Free but support is available for a price.
Some free for development use (Solaris) but
support is available for a price.
Linux has had about 60-100 viruses listed till date.
None of them actively spreading nowadays.
A rough estimate of UNIX viruses is between 85 -
120 viruses reported till date.
Threat detection and solution
In case of Linux, threat detection and solution is very
fast, as Linux is mainly community driven and
whenever any Linux user posts any kind of threat,
several developers start working on it from different
parts of the world
Threat detection and solution
Because of the proprietary nature of the original Unix,
users have to wait for a while, to get the proper bug
fixing patch. But these are not as common
DIFFERENCE BETWEEN LINUX AND
• #1: Full access vs. no access
• #2: Licensing freedom vs. licensing restrictions
• #3: Full vs. partial hardware support
• #4: Command line vs. no command line
• #5: Centralized vs. noncentralized application installation
• #6: Flexibility vs. rigidity
• #7: Automated vs. nonautomated removable media
• #8: Multilayered run levels vs. a single-layered run level
• #9Better network, processing capabilities vs. polished appearance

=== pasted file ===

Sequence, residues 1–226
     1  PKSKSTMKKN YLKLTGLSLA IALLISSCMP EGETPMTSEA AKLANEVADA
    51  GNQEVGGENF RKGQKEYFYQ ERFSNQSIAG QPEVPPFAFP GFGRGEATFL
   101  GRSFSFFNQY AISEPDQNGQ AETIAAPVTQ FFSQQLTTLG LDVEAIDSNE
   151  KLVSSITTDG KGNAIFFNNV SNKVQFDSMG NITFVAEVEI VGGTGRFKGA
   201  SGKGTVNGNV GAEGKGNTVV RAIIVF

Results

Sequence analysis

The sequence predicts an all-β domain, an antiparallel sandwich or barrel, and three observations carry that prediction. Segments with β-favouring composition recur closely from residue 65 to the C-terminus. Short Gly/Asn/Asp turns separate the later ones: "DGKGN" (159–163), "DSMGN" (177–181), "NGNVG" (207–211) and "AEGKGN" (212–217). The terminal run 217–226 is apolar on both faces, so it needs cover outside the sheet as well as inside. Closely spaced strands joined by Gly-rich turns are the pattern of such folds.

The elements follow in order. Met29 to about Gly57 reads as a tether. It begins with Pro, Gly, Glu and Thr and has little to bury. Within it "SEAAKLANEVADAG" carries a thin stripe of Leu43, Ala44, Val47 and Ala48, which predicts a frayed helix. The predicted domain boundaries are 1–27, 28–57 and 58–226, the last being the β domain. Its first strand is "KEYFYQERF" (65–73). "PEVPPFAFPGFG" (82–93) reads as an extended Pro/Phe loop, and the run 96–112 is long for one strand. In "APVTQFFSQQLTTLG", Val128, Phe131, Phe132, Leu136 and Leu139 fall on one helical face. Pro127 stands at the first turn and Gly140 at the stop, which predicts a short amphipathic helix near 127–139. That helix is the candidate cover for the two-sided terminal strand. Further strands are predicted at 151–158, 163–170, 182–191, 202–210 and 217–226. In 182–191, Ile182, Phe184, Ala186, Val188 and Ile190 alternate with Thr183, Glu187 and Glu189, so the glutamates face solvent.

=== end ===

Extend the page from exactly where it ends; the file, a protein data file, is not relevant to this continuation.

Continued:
• #10Formats are free, vs. lock
DIFFERENCE BETWEEN UNIX AND
Free Vs Paid
The UNIX Operating System is Open Source which means everyone can use it,
edit it, and pretty much do what ever you want with it. Adopt new ideas; create
hacks and a whole heap more. UNIX is basically community orientated. Without
the community backing it, it would probably not be nearly as popular as it is
Because UNIX is community oriented, there are many different flavours of UNIX.
This basically means that users take the base of the UNIX kernel and adapt it to
their own needs. Mac OS X is even a flavour of UNIX. Some other flavours
On the other hand, Windows is not, it was coded and created by Microsoft.
People are not able to edit it, or change the code in any way.
GUI / Command Line
The main difference that many people will find is that Windows is purely GUI-
based where as UNIX is mostly know for its text-based GUI, however it does
have a GUI like windows. Many System and Network Administrators prefer to
use the command-line in UNIX rather than the Graphical User Interface as the
command-line providers more functionality.
Files and File Structure
In Windows, there is a registry which contains system configuration
information; files and folders. In UNIX, everything is a file and folders are
called directories. Since everything is a file, disks and partitions are mounted as
directories, devices appears as files in /dev and so are running processors which
appear in /proc.
In Windows, the main folders are C:/Windows, C:/Program Files, C:/Users (for
Windows Vista, 7 or C:/Document and Settings for Windows XP). In Unix, the
file system layout is very different.